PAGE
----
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Im the original owner of a 2005 300 3.5L V6. I would take my car into the dealership for oil changes and multipoint inspections for the first 10/11 yrs. Never once did they tell me to change my transmission oil. I recently had to do a basic tune up and timing belt change due to code p0300. Check engine was flashing for about a month before my car died on me. After tune up and timing belt change out my car runs almost like new again (I'm changing the struts this weekend) but I'm worried about my transmission. I just broke 175k miles earlier this month so I took my car to Chrysler Mopar service techs for another multi point inspection and they told me i needed service on my transmission. That the oil was running warm. That's what his scanner told him and I told him that to the best of my knowledge I have never serviced the oil the transmission and that I was told not to change it after so many miles especially if I have no issues. He later told me not to do the service and to drive the car for as long as I can.

My question is this, If I haven't changed the transmission oil in 175k miles, is it safe to do so now or just drive until it dies?????
 

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Short answer, Yes, but ! Have a qualified mechanic that you trust do it. And make 100% sure they use the right oil.

The reason they don't put the dip stick is that the oil is supposed to last for the life of the vehicle. That said, the oil can turn bad. To test the oil you have to run the engine and have the cold transmission shift gear a few times, then use a dip stick to get a sample and get the temperature. Then compare the result on a Graf I have a home but never bothered to read. On top of that 2 mechanic and forums I have read advise that if you change the oil, you should probably have it change every 2 year after that. At least have a proper reading of it's condition. If you do decide to have it change, make sure they put the right oil in it. Mixing any other oil will damage your transmission. There is no way for a mechanic to have you transmission fully drain. There will always be some residue of the old oil, and if you put the wrong oil in there it can make small agglomeration and get stuck in your transmission springs ( like fly wheel ) and then you need heart surgery on the car.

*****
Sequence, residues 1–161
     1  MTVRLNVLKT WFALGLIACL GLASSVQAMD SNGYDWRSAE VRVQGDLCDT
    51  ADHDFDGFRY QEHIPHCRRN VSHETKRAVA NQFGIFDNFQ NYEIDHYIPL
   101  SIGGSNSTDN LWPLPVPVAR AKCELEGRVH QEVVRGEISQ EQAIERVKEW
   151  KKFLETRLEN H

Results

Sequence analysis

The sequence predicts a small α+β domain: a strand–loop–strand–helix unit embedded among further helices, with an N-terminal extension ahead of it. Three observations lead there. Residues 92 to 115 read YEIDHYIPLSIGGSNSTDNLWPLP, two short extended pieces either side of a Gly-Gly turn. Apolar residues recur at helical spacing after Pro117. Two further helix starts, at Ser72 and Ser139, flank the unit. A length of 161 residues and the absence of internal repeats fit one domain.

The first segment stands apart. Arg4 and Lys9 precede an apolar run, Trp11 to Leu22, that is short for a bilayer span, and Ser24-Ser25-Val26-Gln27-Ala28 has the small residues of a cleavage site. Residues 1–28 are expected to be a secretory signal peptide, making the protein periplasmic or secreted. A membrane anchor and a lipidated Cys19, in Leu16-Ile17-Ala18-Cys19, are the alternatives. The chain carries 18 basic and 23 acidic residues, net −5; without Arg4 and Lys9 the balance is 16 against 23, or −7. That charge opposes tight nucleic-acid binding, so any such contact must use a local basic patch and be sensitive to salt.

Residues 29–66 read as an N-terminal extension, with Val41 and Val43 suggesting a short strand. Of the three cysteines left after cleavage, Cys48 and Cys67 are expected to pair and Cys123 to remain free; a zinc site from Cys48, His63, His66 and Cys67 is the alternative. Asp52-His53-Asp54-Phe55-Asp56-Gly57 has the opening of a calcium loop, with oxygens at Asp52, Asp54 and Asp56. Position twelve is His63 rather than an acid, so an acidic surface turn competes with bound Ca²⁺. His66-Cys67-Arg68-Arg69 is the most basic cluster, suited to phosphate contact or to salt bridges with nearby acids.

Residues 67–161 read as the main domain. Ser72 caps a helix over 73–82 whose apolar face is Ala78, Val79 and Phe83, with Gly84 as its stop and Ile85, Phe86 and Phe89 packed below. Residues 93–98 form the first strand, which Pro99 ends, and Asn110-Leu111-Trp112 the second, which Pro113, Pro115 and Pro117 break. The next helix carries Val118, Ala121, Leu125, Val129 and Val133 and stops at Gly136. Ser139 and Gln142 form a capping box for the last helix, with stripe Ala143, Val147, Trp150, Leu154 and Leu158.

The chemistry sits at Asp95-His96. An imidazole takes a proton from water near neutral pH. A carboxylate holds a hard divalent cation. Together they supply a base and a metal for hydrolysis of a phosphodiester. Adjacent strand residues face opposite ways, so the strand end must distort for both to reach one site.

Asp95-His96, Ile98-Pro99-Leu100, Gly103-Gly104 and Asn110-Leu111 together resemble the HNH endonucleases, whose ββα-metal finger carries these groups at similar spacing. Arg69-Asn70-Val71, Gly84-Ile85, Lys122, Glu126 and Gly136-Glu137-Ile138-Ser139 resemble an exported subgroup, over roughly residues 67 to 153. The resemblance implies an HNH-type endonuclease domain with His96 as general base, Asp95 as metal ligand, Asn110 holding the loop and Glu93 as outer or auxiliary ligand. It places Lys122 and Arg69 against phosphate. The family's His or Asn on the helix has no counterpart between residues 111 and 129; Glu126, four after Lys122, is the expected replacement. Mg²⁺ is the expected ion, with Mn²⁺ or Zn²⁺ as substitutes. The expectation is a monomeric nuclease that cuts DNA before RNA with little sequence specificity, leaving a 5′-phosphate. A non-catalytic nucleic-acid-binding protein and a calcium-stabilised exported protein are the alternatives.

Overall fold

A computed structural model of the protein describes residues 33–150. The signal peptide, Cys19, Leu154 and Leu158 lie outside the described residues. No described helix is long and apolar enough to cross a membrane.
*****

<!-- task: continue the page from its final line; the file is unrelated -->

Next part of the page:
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I'll give you my advice, but first I want to share that I've been hearing all my life how changing the ATF in a high-mileage transmission that's never been serviced is a recipe for disaster. I've had techs tell me very earnestly how fresh, clean fluid will disturb all the dirt that's in there now, change the wear patterns on the clutches, and increase the line pressure to the point where the dried, cracked old seals blow out.

I suspect that there are three factors related to that advice. First and foremost is the fact that dirty, worn-out lubricants lead to failures, so some dishonest shops urge you not to change the fluid in the hopes that the transmission will fail sooner rather than later.

Second, many drivers tend to ignore their transmissions until they start to slip or exhibit other symptoms of failure. Then they rush to the mechanic, hoping that a "transmission tune up" will fix it right up. A good mechanic will usually explain at this point that a fluid change is a waste of time and money, and repairs or a rebuild are necessary. There are customers who will "push" the mechanic to change the fluid anyway, hoping for a miracle. When it doesn't help, the customer can be resentful and unhappy, and they may forget that the mechanic advised against it in the first place. The customer may even claim, "It was fine until you changed the fluid". So good shops can be a little wary about changing the fluid on a long-neglected transmission.